My Life as a Corn Flake

Our Mom & Dad were

oven and machine,

I’m sure they loved us all

and we were a factoryful.


I was one of many

and yet no two of us

were exactly alike

flakes being flakes


Made to be eaten

in a bowl of milk

while struggling to keep

our uniqueness and crunch.


I was in a cardboard box

for a month or so

and got to know 

hundreds of my kin. 


Just then the big pour

sent me and my buddies

down to the bowl before

a torrent of milk drenched us.


And within minutes

some grumpy kid had me

and my friends heading down 

the famous Alimentary Canal.


We all prayed in sogginess 

to the most special one,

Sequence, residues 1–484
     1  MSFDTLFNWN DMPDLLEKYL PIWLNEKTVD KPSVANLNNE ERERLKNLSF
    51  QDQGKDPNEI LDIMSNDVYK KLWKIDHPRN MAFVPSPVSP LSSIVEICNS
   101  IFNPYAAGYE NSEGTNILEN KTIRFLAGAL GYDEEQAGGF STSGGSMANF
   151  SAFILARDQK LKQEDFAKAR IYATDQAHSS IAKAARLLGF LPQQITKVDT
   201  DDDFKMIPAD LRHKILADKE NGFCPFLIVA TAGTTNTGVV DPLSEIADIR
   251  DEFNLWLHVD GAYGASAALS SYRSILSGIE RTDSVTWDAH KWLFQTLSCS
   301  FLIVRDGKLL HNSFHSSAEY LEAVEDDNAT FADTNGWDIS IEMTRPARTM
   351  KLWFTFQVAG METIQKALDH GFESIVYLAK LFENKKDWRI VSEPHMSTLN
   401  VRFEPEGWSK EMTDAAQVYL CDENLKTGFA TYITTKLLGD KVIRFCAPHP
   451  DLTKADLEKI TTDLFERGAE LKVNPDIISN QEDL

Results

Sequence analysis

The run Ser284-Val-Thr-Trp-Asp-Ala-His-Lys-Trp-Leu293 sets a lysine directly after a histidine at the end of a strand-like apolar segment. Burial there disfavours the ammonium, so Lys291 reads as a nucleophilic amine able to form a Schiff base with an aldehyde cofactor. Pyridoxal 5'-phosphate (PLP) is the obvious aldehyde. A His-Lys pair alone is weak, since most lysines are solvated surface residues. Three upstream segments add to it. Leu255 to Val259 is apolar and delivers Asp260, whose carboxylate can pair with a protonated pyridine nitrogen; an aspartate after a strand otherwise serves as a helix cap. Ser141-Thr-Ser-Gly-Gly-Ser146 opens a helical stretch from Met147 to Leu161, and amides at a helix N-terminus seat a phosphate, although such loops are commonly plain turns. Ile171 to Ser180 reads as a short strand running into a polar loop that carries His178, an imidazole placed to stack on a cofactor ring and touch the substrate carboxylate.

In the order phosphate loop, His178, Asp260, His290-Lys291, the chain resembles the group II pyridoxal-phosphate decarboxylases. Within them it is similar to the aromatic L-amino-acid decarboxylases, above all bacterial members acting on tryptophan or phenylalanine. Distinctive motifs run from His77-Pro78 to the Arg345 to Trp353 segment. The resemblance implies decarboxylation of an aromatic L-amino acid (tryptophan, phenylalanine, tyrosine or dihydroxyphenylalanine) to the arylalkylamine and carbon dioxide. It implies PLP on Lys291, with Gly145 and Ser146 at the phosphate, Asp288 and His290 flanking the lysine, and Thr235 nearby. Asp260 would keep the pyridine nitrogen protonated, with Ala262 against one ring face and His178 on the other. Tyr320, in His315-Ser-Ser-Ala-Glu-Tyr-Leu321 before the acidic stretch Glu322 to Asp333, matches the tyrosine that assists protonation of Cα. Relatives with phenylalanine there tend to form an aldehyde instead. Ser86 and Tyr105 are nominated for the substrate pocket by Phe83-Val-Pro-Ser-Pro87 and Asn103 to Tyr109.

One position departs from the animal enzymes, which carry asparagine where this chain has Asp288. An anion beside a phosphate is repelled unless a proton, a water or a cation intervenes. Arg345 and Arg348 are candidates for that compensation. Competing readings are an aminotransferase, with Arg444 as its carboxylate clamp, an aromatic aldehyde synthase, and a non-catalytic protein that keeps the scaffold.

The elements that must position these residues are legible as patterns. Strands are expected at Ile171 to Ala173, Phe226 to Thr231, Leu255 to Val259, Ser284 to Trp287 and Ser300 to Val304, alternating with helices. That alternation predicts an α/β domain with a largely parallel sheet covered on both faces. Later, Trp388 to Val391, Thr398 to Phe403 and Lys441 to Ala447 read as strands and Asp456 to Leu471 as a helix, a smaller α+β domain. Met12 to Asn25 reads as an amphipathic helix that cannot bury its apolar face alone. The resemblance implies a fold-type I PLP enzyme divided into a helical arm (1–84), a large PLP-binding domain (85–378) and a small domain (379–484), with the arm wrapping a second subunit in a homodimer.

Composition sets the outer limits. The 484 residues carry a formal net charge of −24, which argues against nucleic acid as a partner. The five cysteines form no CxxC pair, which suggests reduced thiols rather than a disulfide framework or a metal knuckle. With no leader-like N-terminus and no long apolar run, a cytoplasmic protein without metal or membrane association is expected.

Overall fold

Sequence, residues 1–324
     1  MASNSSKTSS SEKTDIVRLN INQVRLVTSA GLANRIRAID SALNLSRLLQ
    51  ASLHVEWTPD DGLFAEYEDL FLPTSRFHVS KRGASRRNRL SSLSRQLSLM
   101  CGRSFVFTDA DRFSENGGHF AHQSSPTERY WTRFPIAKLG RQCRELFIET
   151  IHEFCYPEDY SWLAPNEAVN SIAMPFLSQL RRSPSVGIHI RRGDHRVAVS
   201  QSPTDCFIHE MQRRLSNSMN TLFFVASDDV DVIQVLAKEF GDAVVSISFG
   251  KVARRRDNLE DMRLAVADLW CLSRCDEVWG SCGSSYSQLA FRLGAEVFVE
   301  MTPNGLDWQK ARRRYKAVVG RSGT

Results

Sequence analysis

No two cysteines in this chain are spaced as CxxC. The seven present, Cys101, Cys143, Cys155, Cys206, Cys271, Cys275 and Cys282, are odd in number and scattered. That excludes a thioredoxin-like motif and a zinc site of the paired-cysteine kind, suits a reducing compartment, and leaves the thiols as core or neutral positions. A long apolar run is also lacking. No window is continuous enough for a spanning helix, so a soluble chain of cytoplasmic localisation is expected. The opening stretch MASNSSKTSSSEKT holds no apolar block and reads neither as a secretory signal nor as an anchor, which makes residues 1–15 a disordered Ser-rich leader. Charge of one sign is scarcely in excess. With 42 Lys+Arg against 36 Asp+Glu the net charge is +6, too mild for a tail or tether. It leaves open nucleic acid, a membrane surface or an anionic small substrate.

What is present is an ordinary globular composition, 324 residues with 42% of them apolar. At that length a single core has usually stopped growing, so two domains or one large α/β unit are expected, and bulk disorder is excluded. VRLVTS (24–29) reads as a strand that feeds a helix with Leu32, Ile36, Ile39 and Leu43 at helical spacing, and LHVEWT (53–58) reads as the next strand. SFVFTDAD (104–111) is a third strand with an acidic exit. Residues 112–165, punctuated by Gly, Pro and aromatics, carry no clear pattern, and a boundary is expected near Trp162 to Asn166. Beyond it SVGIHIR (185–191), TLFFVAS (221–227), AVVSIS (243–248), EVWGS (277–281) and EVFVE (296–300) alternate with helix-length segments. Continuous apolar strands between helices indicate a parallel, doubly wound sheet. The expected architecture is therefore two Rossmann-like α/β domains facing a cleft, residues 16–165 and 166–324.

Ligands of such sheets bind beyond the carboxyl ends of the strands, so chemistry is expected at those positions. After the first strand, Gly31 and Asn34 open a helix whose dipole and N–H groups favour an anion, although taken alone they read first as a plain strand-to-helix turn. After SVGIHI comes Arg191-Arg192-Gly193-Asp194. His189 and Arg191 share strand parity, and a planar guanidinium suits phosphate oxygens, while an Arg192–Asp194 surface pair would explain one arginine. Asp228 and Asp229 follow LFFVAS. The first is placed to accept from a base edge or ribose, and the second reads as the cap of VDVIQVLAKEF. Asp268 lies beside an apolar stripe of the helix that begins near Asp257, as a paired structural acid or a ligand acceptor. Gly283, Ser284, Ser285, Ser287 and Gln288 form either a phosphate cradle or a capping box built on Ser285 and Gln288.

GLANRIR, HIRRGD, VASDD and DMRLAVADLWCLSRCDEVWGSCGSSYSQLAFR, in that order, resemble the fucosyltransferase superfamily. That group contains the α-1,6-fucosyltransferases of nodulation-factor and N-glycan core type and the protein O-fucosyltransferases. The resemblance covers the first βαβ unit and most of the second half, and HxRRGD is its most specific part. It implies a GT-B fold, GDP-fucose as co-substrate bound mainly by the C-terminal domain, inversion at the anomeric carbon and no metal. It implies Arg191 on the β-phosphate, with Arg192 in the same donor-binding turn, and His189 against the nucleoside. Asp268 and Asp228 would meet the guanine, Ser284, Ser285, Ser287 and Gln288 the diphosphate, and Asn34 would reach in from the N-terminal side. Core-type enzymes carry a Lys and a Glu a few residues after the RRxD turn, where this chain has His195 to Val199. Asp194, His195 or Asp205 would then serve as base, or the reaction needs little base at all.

the Great Flake

as we entered history.



Gene Goldfarb lives on Long Island, loves reading, writing, travel, cooking and movies (all kinds). His poetry has appeared in Black Fox, Misfit, Green Briar, Quiddity, The Daily Drunk, and elsehwere.

Categories: Poetry

Daily Drunk

Shawn Berman runs The Daily Drunk. You can follow him on Twitter @Sbb_writer.

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